While other organizations may rely on secondary data, we can always reach out to our colleagues to get a real sense of what is happening in their countries. UNDP has more offices than most countries have embassies, and presence in places where others do not, such as small islands in the Pacific and remote regions across the world. This is what makes UNDP unique. This gives us an unparalleled ability to understand the complexities of development challenges and to work towards finding effective solutions. So, I think UNDP is an excellent platform to reflect on how we deliver development and to rethink our approaches to meet the complex challenges we face.
What sets UNDP apart is its unique purpose. Unlike private companies or working for a government with primarily national interests, UNDP operates with a broader mandate, serving a larger purpose. This sense of working towards something greater contributes to a fulfilling and meaningful career.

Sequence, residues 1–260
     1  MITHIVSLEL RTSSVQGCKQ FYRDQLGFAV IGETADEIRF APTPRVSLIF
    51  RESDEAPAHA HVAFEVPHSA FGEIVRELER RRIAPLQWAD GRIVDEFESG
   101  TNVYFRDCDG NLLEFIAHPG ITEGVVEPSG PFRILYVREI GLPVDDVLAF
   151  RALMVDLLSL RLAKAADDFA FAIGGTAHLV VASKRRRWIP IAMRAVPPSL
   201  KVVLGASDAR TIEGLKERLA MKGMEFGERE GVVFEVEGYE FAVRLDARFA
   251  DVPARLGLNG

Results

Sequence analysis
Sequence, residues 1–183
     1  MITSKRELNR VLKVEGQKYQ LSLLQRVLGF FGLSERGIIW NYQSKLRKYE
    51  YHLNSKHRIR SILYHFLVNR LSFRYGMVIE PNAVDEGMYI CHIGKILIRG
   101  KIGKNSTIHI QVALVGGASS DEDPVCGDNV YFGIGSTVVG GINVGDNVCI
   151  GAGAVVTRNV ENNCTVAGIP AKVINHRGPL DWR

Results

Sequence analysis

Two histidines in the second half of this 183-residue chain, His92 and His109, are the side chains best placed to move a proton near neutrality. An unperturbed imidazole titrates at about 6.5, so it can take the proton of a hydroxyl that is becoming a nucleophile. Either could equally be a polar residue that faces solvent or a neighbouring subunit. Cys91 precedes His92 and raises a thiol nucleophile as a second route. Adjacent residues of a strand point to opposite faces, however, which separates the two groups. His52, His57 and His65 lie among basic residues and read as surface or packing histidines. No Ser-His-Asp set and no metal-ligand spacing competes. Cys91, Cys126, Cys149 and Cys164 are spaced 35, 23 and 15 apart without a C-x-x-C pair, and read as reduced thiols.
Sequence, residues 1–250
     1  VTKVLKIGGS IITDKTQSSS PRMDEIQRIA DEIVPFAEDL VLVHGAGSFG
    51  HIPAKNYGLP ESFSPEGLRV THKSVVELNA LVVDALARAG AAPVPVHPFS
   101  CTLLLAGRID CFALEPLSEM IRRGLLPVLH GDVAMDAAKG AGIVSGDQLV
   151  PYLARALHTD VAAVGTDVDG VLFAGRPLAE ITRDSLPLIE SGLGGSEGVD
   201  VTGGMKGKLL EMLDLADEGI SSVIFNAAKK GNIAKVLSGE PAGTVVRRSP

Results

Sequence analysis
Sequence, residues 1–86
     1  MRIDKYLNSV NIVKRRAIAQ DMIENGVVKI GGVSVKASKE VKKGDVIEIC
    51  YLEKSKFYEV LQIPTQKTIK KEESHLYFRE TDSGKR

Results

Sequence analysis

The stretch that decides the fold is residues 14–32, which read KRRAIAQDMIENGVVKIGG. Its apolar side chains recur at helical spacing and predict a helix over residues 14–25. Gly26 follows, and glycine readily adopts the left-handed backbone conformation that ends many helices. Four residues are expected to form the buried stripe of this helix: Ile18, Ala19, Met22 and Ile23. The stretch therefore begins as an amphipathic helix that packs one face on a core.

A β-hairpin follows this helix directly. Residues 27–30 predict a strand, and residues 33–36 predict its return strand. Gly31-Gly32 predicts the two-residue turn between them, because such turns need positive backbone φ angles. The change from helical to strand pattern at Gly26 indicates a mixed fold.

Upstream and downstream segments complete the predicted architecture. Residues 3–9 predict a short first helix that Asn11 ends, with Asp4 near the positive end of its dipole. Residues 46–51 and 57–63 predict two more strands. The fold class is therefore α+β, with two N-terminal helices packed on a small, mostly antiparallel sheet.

While realism reminds us that we can’t single-handedly change everything, it is important to believe that together we can make a difference.
I think that maintaining optimism is crucial, as it provides a foundation for making a positive impact. I think this is particularly significant for young people today who bring a genuine drive for pursuing the right goals.
Working with UNDP offers the opportunity to collaborate with exceptional professionals from around the globe. It provides a platform to explore the world, learn, and gain diverse perspectives. For those considering a career with UNDP, especially in the field, I highly recommend it as it is a rewarding nature, both personally and professionally.